After comparing tons of handheld ham radios on the market, we have found Radioddity GS-5B to be the best overall in terms of performance, versatility, and innovation.
Our findings are based on 15 hours of research, testing, and collecting reviews from customers online.
We took into account several factors that are important to an average amateur radio user, such as supported bands, battery life, size, and speaker quality.
The bells and whistles on newer ham radios can be distracting for a buyer.
By comparing the features and specifications of the top handheld ham radio models on the market, analyzing strengths and weaknesses, you can make the right purchase decision. So, keep reading to find the best handheld ham radio for your needs.
Best Handheld Ham Radios – Our Top 10 Picks
Power / Range / Battery Life / Bands
Best for Marine Use – Radioddity Voyage RV6
Certified with IP67 waterproof rating and featuring the speaker vibration water draining function RV6 is designed for marine use and water exposure. Also comes with NOAA weather scans and alert to keep you safe on the water.
First released in 2020, Radioddity GS-5B is laden with innovative features that many ham radio users will find interesting.
Its bright orange body not only stands out from the crowd but also makes it easier to locate it in low-light conditions.
The bottom of the radio is constructed with soft TPU material that protects it from drops.
Rated IP56, this radio is waterproof and weatherproof.
The battery pack is screwed into the unit, providing an extra layer of protection from water damage.
In optimal weather conditions, you can hit repeaters up to 10-15 miles away with this handheld radio’s 5W power output and stock antenna. The audio output is loud and clear, but you can also use the included earpiece to hear better or when you are walking.
Its full-color screen cleverly displays all relevant information without crowding the display. Plus, it uses an inverted color scheme so that you can read everything at all times without straining your eyes.
GS-5B uses a standard 2000mAh battery that can last about 8-10 hours on standby. compensates for its mediocre battery life by using two charging methods – charging cradle or micro USB. This allows you to use an external power source when you are away from home.
Tech-savvy amateur radio users can set up their GS-5B wirelessly with the user-friendly Radioddity app. Conversely, you can use the included programming cable and tailor-made radio program for an old school approach.
Radioddity GS-5B is the handheld ham radio to beat when it comes to versatility, performance, and convenience. Complete with solid construction and innovative features, you can rely on it to do well in any environment and for any purpose.
|Rugged design and build|
|Multiple charging options|
|Great audio output|
|Short battery life|
Although it was released in 2010, Kenwood TH-D72A still holds the hearts of many amateur radio operators for its resistance against harsh outdoor conditions.
Built according to MIL-STD810 military standards and rated IP54, this radio is water-resistant, dust-proof, humidity-proof, and shock-proof.
The downside is that it weighs about 50-100g more than most newer dual-band handheld radios.
Besides that, the TH-D72A has a lot of useful features like Sky Command II, which gives you access to Kenwood’s designated high-frequency radios.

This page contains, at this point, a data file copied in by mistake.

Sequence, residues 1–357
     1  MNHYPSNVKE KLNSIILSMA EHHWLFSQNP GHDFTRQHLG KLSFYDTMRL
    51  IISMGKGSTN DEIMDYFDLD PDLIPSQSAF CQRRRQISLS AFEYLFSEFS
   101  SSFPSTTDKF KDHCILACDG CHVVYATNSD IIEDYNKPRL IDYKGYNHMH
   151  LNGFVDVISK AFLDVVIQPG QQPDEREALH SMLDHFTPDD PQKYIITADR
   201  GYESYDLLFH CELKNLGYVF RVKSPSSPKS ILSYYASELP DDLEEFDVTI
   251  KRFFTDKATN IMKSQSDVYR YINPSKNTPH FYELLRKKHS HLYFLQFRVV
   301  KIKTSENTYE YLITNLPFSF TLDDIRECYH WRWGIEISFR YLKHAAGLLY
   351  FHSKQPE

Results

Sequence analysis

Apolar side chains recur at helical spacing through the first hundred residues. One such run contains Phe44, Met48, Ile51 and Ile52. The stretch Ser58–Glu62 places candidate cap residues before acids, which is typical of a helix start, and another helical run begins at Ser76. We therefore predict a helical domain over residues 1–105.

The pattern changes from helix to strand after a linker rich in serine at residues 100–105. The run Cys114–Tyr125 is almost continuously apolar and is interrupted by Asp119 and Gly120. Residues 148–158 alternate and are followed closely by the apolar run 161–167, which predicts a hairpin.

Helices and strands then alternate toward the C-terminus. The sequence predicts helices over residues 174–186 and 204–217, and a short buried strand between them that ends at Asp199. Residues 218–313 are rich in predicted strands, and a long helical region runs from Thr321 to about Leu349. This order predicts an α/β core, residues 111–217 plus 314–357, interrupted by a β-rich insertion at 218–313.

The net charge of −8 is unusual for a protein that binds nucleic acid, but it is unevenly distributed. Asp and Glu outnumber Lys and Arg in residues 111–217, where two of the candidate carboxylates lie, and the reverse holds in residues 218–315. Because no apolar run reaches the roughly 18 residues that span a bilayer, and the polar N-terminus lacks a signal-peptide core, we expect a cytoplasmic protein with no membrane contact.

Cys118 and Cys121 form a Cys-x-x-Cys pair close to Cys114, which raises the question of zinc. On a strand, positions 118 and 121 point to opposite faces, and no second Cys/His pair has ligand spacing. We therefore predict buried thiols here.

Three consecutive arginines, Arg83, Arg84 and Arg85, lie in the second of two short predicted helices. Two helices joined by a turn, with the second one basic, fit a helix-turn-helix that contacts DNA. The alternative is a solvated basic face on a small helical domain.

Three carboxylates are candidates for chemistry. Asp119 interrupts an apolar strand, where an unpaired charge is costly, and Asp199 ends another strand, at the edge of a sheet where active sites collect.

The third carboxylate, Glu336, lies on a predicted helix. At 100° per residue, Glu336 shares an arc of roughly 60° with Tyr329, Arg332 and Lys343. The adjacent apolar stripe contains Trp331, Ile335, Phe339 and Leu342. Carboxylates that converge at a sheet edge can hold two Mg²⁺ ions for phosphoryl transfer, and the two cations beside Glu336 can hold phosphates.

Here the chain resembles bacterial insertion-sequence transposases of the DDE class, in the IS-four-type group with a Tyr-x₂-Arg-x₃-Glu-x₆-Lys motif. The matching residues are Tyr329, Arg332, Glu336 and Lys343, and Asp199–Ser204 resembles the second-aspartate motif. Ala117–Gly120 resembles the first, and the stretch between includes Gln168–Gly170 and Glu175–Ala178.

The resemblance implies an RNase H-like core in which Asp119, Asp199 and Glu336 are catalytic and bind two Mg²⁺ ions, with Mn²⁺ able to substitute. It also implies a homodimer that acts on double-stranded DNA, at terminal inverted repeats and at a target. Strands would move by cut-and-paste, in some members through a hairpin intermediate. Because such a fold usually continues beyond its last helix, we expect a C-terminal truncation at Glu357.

It also has a built-in high-performance GPS with APRS compatibility that allows you to gather valuable local data, use the messaging system, and more.
It can transmit up to 5W in three power levels, giving you the option to maximize your coverage or conserve your battery. It only has about 6 hours of battery life, but you can prolong the runtime by only using it to share your location.
Thanks to the design of the radio, the TH-D72A is very beginner-friendly. With the backlit keypad and a bright LED screen, you can cycle through the menu items easily. The PTT button and knobs are also well-positioned, even though the PTT can be a bit sensitive sometimes. Despite its advanced features, it is very easy to program with its proprietary Kenwood program.
You won’t go wrong with Kenwood TH-D72A if sturdiness and performance are high on your priority list. At a reasonable cost, you get advanced features like Sky Command II and GPS with APRS-compatibility. It thrives in harsh outdoor conditions, making it one of the best handheld ham radios for off-roading.
|Built-in GPS receiver with APRS firmware|
|Sky Command II|
|Easy to operate and program|
|IP54 – waterproof and weatherproof|
|Sensitive PPT button|
|Mediocre battery life|
Specifically designed for marine enthusiasts and boat owners, Radioddity Voyage RV6 has a slew of useful features that come in handy on treacherous waters.
Rated IP67, this ham radio can be submerged into 3.3 ft of water for up to 30 minutes.
It also utilizes a unique water-draining technology that gets rid of water from the speaker by emitting a vibration.
If you drop the radio, you can find and retrieve it easily by following the flashing red LED at the bottom of the unit.
Depending on your needs, you can use 5W for maximum coverage or 1W to conserve battery. Besides all the basic radio functionality, you can also tune in to all the USA, International, and Canadian marine channels to keep yourself updated on marine activities.
NOAA weather alerts and channels keep an ear on weather conditions to help you react appropriately to weather changes.
The 1500 mAh battery can last 24 hours on standby but sadly loses its charge very quickly when transmitting on high.